In the early 1990s, the monopartite begomovirus Tomato yellow leaf curl virus (TYLCV) was introduced into the Dominican Republic (DO), and molecular characterization revealed it was an isolate of TYLCV-Israel (TYLCV-IL[DO]) (3,5). In 2006, a study of the variability of TYLCV in DO revealed that TYLCV-IL[DO] was associated with all samples of tomato yellow leaf curl (TYLC) tested and, thus, that the virus had been genetically stable for >15 years (2). However, in 2010 and 2011, 2 of 10 and 11 of 18 samples of TYLC, respectively, were negative for TYLCV infection based upon PCR with the TYLCV-specific primer pair, 2560v (5′-GAGAACAATTGGGATATG-3′)/1480c (5′-AATCATGGATTCACGCAC-3′), which directs the amplification of a ~1.7 kb fragment. In 2011, two such samples from the Azua Valley were tested by PCR with the 1470v (5′-AGTGATGAGTTCCCCTGTGC-3′)/UPC2 primer pair (1), and sequence analysis of the ~0.4 kb fragment amplified from both samples revealed infection with the mild strain of TYLCV (TYLCV-Mld). A primer specific for TYLCV-Mld was designed (2070v, 5′-AAACGGAGAAATATATAAGGAGCC-3′), and PCR with the 2070v/1480c primer pair directed the amplification of the expected ~2.1 kb fragment from all 11 TYLC samples collected in 2011 that were PCR-negative for TYLCV-IL[DO] infection. Sequence analyses confirmed these were TYLCV-Mld fragments. The complete TYLCV-Mld genome was amplified from two samples from the Azua Valley with Templiphi, the amplified DNA products digested with Sal I, and the resulting ~2.8 kb fragments ligated into Sal I-digested pGEM-11. The complete sequences of these isolates were 2,791 nt and 99% identical to each other and 98% identical to sequences of TYLCV-Mld isolates. The TYLCV-Mld isolates from the DO were designated TYLCV-Mld:DO:TY5:01:2011 (KJ913682) and TYLCV-Mld:DO:TY5:02:2011 (KJ913683). A multimeric clone of TYLCV-Mld:DO:TY5:01:2011 was generated in the binary vector pCAMBIA1300 by cloning a 2.2 kb Sal I-EcoRI fragment containing the intergenic region to generate a 0.8-mer (pCTYMld0.8), and then the full-length Sal I fragment was cloned into the Sal I site of pCTYMld0.8 to generate a 1.8-mer (pCTYMldDO-01-1.8). Tomato plants agroinoculated with Agrobacterium tumefaciens carrying pCTYMldDO-01-1.8 developed severe TYLC disease symptoms 10 to 14 days after inoculation, whereas plants inoculated with a strain carrying the empty vector did not develop symptoms. Samples of processing tomatoes with TYLC were collected in 2012 to 2014 in the DO and tested for TYLCV-IL[DO] and TYLCV-Mld by PCR with the 2560v/1480c and 2070v/1480c primers pairs, respectively; these samples had infections of 93% (13/14), 86% (18/21), and 61% (11/18) with TYLCV-Mld; 29% (4/14), 19% (4/21), and 56% (10/18) with TYLCV-IL[DO]; and 21% (3/14), 5% (1/21), and 28% (5/18) with both viruses, respectively. These results reveal that there has been a striking population shift in the begomovirus causing TYLC in the DO, with TYLCV-Mld becoming predominant. This may reflect selection pressure(s) favoring a small pre-existing population of TYLCV-Mld, such as new tomato varieties, or a recent introduction event, such as that described in Venezuela (4).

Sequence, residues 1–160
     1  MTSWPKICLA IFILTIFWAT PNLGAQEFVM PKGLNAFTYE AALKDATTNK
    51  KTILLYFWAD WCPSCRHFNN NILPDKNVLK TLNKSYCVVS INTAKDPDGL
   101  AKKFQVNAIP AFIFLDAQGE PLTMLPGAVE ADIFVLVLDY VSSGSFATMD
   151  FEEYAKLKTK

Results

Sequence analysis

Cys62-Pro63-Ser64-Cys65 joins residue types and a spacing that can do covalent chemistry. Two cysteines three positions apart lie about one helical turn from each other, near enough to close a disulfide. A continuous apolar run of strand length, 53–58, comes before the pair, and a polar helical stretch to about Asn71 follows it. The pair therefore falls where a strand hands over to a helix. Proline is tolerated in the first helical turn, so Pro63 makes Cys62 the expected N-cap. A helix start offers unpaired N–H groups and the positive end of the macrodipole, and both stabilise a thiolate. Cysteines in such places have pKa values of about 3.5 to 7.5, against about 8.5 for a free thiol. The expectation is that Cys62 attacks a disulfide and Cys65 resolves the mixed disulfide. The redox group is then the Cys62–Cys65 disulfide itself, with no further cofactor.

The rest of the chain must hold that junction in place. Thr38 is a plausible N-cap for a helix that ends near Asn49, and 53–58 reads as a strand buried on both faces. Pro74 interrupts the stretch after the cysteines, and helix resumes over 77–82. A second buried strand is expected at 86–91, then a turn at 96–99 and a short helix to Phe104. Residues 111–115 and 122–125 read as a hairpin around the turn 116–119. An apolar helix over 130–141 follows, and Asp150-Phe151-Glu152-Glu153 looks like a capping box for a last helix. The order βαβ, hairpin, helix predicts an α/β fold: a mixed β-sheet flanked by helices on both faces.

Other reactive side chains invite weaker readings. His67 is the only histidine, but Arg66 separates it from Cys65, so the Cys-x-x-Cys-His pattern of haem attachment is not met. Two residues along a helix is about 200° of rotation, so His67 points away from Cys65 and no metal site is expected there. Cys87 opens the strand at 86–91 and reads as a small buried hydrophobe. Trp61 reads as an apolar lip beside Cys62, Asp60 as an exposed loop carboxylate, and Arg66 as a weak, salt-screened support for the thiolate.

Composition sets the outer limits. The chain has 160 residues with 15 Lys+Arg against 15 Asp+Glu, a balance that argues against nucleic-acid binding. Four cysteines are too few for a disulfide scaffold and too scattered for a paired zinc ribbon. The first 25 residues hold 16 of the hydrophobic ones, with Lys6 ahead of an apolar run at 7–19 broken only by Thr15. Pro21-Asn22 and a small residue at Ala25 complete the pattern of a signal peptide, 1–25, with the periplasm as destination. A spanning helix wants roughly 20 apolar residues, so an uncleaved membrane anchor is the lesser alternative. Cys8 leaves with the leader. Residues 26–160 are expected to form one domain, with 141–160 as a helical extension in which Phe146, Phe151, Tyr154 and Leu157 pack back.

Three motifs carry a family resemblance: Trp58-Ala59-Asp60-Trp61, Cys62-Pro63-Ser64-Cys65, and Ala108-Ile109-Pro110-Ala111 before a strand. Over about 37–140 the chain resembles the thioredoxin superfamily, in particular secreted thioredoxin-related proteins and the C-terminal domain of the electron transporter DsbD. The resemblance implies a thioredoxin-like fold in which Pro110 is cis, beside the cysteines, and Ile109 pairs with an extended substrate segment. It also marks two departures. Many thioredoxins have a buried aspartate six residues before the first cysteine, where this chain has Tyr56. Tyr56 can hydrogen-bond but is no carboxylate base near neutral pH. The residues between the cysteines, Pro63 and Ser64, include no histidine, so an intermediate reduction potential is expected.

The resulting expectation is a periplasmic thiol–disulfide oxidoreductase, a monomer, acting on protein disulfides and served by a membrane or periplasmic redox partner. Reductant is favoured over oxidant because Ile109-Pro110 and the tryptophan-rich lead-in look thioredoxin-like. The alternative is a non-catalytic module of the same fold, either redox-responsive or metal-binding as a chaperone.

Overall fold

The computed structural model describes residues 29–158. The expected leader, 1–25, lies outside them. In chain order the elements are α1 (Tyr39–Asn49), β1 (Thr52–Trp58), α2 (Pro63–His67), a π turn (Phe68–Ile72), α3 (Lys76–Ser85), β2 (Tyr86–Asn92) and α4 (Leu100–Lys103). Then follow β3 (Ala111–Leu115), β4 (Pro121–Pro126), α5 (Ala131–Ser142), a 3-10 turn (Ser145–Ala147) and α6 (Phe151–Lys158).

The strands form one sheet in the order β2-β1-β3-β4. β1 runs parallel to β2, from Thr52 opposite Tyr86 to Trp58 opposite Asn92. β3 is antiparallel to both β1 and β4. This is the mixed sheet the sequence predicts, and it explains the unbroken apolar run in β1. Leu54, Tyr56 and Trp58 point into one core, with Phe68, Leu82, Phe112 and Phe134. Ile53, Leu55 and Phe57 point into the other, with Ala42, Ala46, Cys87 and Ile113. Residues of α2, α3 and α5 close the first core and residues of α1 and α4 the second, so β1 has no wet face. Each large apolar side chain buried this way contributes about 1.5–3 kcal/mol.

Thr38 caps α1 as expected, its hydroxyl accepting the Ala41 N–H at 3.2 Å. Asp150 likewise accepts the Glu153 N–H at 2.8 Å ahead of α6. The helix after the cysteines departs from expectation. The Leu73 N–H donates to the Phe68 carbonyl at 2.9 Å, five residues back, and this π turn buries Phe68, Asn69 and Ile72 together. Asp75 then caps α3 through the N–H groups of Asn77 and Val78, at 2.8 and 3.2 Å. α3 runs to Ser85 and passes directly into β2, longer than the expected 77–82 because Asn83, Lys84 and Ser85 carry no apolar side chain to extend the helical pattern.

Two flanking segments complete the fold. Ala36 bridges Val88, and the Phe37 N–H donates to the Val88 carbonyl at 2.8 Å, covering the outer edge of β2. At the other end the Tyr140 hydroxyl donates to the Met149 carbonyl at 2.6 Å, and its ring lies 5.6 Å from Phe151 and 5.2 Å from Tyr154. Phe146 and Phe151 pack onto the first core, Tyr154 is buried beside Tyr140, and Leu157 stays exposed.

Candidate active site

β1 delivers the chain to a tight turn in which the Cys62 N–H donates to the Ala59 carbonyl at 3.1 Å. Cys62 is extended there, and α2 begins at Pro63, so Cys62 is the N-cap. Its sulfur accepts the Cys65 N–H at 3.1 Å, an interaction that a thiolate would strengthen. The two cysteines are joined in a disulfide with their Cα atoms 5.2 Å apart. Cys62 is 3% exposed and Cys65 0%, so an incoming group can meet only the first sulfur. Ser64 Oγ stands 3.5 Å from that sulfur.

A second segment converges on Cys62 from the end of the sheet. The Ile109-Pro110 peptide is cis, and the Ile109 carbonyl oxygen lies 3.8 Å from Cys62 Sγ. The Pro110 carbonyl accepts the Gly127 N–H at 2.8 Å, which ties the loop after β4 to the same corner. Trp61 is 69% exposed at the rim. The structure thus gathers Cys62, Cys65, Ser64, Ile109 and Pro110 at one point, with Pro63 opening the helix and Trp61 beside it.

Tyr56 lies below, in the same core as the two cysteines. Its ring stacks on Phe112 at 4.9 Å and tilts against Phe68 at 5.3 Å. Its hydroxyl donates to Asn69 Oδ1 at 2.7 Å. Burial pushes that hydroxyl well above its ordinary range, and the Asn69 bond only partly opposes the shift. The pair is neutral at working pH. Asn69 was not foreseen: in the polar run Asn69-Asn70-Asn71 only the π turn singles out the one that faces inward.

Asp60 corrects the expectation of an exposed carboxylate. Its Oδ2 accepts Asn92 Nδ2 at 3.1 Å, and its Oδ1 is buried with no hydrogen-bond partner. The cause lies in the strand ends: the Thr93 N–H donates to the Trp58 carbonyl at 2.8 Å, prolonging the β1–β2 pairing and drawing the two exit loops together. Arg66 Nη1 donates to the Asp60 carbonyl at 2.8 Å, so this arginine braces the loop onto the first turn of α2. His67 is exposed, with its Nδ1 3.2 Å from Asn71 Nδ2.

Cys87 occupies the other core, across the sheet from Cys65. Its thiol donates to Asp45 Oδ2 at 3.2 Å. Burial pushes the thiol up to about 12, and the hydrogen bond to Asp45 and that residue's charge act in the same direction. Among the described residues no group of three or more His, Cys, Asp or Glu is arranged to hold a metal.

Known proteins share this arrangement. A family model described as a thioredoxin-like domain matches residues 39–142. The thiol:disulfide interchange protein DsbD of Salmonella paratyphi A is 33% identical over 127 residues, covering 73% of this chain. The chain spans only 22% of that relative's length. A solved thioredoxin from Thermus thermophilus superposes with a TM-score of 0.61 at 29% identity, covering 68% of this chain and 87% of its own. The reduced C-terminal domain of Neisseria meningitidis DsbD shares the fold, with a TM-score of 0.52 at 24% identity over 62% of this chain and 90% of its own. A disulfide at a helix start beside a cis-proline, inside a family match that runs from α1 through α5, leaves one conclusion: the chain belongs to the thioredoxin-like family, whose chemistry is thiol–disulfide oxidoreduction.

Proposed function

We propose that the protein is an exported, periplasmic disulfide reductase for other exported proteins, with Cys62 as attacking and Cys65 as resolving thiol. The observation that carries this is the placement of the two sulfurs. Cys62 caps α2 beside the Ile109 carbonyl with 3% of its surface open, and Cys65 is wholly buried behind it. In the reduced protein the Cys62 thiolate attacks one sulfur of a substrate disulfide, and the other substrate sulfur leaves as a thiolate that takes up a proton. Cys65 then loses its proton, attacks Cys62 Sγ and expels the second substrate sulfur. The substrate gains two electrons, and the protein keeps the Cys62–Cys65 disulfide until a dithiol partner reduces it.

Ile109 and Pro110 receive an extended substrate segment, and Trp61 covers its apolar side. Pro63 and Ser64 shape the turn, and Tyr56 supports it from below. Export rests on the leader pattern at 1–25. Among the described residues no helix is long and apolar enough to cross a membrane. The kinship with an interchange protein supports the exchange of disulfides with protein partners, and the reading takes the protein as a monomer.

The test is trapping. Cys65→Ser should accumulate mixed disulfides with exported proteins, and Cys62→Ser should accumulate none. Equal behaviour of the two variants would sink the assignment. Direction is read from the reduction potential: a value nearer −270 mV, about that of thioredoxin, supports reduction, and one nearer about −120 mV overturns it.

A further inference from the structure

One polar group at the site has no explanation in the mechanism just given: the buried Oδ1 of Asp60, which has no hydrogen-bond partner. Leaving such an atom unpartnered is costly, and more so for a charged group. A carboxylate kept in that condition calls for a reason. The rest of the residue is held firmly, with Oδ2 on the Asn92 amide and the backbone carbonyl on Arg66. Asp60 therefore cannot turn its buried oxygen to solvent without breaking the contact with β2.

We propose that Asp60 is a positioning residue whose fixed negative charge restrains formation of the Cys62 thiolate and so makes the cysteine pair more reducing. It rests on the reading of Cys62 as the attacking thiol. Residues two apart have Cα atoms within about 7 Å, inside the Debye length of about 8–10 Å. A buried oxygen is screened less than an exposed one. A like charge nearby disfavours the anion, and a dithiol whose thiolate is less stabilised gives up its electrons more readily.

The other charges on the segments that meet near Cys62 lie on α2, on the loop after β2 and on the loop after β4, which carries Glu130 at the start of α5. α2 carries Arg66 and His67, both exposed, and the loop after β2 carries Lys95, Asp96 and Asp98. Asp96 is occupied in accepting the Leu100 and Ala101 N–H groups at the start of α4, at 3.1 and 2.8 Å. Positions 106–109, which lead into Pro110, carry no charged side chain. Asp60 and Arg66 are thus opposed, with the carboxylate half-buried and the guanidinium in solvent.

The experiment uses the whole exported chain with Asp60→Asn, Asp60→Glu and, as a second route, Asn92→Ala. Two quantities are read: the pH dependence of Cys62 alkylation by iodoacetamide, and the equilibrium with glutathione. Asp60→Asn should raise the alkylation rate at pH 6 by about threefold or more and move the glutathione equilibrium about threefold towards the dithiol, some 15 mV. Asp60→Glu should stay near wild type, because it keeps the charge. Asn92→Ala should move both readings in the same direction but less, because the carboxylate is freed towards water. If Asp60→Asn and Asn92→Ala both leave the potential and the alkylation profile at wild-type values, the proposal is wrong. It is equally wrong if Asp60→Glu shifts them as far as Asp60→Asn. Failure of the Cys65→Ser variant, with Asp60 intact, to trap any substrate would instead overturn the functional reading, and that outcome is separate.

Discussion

References: (1) R. W. Briddon and P. G. Markham. Mol. Biotechnol. 1:202, 1994. (2) R. L. Gilbertson et al. Page 279 in: Tomato yellow leaf curl virus disease. Springer, 2007. (3) M. K. Nahkla et al. Plant Dis. 78:926, 1994. (4) G. Romay et al. Australasian Plant Dis. Notes, in press, 2014. (5) R. Salati et al. Phytopathology 92:487, 2002.
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